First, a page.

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  1. #1
    Senior Member oldokie's Avatar
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    Long reach brake recommendations?

    Picked up a set of used Ultegra brakes for my new C'dale bike (SR500 model which is designed to accomodate fenders) and then realized my bike requires long reach (47-57mm) brakes. Everything else on bike is 105 level (except brakes) so I am now shopping for a good set of long reach dual pivot brakes (new or used). Initial research shows that Shimano has a set (BR-R600) that appears to be at least 105 level. What other brands/models offer long reach brakes that are at least 105 level quality?
    Inside every old person is a young person wondering what happened.

    06 C'dale SR500
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    The only place I know of is Rivendale which carries a long reach brake they developed with Tektro. Roger

  3. #3
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    The BR-R600 are considered Ultegra quality so they are a step above 105. Shimano used to make long reach 105 double pivot brakes (I have a set on my '83 vintage Trek rain bike) but I don't think they are available any more.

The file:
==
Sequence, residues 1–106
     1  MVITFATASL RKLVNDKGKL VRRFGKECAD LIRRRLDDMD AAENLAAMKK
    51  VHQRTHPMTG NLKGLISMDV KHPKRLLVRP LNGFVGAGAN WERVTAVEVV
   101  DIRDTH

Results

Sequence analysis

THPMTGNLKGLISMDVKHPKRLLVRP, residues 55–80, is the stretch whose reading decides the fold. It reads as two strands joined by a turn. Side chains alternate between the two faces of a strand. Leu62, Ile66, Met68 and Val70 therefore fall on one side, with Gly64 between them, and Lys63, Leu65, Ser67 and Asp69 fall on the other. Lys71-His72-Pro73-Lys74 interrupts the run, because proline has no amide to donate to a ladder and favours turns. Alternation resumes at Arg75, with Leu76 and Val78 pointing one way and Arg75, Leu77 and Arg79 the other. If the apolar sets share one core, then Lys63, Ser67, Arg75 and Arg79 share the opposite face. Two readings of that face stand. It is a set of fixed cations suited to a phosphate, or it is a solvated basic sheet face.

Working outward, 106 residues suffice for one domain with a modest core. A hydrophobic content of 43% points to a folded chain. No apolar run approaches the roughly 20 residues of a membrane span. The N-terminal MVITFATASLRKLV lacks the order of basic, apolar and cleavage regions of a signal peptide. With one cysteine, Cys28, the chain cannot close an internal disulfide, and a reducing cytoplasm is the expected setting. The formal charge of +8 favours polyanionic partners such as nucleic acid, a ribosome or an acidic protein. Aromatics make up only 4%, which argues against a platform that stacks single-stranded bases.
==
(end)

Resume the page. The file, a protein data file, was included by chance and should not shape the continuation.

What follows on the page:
Tektro (also sold as Nashbar's house brand) makes long reach double pivot brakes that work just fine. I would put them at Tiagra or Sora level for finish but they are very functional if not elegantly finished and the price is unbeatable.

  4. #4
    Senior Member oldokie's Avatar
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    My SR500 stock brakes are C'dale "Delta" which I think are made by TEKTRO. They have a 520 stamped on the back. That lines up with the way TEKTRO marks their brakes but that number does not show up on the TEKTRO web site. Everything else on bike was stock at Tiagra level and I am trying to upgrade to 105 level. Have not really used stock brakes enough to pass judgement on them but I assumed they were entry level brakes. Guess I will sell the set of Ultegra's I don't need.
    Inside every old person is a young person wondering what happened.

    06 C'dale SR500
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  5. #5
    cab horn
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    These own:

    http://www.lickbike.com/productpage....=%271314-00%27

    Tektro is good stuff. "Upgrading" to 105 is essentially money wasted on downgrading. Spend it on pads instead.
    Mes compaingnons cui j'amoie et cui j'aim,... Me di, chanson.

  6. #6
    Senior Member oldokie's Avatar